Types of Greenhouse Gases
Carbon dioxide (CO2), methane (CH4), nitrous oxide (N2O), hydrogen fluoride carbon (HFCs), phosphorus fluoride carbon (PFCs) and sulfur hexafluoride (SF6), all induce the greenhouse effect.
When purchasing household appliances, buy products with a high energy efficiency rating. The size of a refrigerator should be selected in accordance with the number of family members. When possible, opt to hand wash clothes. Try to be economical with iron usage. Contemplate whether your household really requires a microwave.
Carbon dioxide emissions can be greatly reduced by using ones' car more efficiently. Positive steps are: car pooling, using public transportation, buying light-weight vehicles, refraining from idling, maintaining appropriate speeds, and using less air conditioning.
The radiative compulsory forcing is 0.15W/m2. That is 6% of total greenhouse gases. It is produced from the use of fertilizers and industrial activities.
Freon gas is mainly used to make: refrigerant material for refrigerators and air conditioners, detergents for non-conductors, and semi-conductors, and just about every spray product. Released Freon gas in the atmosphere stays intact for more than 400 years. Moreover, it's heat absorption rate is 16 thousand times that of carbon dioxide.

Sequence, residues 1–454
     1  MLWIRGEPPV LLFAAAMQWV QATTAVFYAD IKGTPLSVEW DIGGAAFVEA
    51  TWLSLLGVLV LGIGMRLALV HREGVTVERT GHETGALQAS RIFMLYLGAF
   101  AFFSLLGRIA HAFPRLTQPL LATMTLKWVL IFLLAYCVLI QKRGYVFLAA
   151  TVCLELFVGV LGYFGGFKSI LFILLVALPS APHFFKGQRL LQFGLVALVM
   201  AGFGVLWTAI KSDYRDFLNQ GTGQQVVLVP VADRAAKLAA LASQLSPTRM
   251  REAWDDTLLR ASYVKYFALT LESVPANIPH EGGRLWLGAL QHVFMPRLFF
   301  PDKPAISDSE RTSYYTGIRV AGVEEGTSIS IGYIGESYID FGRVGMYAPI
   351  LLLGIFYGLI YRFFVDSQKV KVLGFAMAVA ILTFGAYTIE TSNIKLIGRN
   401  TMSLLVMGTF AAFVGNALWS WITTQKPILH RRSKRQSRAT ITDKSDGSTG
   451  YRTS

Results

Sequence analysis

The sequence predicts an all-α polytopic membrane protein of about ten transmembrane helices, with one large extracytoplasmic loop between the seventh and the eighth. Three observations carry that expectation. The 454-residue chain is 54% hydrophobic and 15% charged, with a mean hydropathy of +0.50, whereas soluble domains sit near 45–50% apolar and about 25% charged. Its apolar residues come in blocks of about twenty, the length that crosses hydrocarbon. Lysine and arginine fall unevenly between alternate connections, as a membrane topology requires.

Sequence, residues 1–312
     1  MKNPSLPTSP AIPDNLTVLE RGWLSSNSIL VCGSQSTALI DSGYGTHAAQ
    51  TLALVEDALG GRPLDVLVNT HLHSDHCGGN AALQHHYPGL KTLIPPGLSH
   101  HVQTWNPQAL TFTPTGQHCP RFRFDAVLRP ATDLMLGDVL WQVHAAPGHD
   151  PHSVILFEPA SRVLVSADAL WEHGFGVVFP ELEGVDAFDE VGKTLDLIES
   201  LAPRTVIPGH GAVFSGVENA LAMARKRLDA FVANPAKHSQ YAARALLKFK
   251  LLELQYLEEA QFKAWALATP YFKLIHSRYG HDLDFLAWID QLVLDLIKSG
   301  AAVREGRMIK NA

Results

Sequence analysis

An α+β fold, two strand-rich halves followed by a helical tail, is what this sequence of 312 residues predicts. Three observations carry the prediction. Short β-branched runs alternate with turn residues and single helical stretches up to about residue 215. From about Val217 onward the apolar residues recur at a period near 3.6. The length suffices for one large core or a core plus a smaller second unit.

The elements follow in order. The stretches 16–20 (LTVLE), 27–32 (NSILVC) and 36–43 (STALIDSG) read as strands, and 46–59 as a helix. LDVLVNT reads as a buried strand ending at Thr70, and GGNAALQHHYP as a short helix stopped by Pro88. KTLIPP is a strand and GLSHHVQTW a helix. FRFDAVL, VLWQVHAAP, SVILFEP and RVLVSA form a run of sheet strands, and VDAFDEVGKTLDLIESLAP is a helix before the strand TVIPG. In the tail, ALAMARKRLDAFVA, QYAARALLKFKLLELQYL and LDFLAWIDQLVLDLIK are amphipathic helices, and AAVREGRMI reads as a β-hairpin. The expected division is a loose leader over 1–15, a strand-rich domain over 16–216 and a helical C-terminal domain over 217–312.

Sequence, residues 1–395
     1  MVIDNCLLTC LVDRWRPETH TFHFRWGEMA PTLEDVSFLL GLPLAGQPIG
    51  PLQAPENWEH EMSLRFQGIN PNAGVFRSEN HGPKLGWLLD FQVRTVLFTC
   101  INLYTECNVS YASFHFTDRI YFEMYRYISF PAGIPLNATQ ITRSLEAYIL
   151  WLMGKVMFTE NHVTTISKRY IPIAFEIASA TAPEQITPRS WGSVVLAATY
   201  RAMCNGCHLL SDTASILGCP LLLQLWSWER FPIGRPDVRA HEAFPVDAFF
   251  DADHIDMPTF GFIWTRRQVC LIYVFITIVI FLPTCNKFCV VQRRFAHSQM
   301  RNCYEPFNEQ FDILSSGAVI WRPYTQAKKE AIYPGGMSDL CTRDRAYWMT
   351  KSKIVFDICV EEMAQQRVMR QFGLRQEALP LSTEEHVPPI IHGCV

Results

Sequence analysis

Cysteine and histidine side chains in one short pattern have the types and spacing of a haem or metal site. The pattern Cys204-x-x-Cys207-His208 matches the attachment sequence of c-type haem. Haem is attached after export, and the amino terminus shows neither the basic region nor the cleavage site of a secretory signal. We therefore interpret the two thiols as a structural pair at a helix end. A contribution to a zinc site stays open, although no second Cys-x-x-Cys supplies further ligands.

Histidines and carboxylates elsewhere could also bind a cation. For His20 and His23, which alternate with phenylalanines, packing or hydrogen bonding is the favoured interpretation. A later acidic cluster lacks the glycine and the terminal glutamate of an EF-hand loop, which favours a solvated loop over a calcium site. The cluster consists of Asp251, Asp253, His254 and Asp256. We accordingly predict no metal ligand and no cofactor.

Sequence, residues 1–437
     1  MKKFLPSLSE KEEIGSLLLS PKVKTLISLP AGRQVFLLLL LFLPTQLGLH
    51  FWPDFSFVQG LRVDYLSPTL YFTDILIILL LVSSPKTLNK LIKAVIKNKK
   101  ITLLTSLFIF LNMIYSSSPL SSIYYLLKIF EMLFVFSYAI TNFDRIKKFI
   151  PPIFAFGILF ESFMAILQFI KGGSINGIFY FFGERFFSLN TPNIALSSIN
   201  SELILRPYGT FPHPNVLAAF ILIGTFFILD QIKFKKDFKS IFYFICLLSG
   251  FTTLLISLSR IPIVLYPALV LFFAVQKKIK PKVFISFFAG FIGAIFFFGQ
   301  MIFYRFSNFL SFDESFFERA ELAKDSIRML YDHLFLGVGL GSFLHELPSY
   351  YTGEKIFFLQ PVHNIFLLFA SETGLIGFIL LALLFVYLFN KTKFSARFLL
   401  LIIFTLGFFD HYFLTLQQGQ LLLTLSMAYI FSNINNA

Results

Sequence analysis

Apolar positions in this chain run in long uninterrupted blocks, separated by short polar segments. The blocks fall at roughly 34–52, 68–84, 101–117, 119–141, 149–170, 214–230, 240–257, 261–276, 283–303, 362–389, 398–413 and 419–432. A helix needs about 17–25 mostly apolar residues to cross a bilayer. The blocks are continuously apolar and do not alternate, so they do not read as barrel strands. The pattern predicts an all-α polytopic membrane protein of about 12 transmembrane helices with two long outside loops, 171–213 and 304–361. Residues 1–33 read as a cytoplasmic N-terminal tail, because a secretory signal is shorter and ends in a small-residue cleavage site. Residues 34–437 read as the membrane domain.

Recently, because of the limitations of Freon, alternative products and their effects on global warming must be considered.
Hydrogen Fluoride Carbon and Phosphorus Fluoride Carbon
Hydrogen fluoride carbon and phosphorus fluoride carbon have been developed as alternatives for Freon gas used for: refrigerant materials, fire extinguishers, explosion-proof substances, sprayable liquids, solvent uses and blowing agents. Another chemical, sulfur hexafluoride, keeps increasing in worldwide usage for gas circuit breakers, fire extinguishers, and explosion-proof substances. These gases are the substances needed for fundamental reductions. of the greenhouse effect.
The emission rate of carbon dioxide is the highest among all greenhouse gases. Methane and nitrous oxide nitrogen are impossible to control and originate from the natural world. However, carbon dioxide, which is becoming a major factor of global warming, is possible to control artificially. After studying a carbon dioxide sample from a South Pole glacier ice pillar South Pole glacier, it was found that the change of carbon dioxide concentration is proportional to temperature.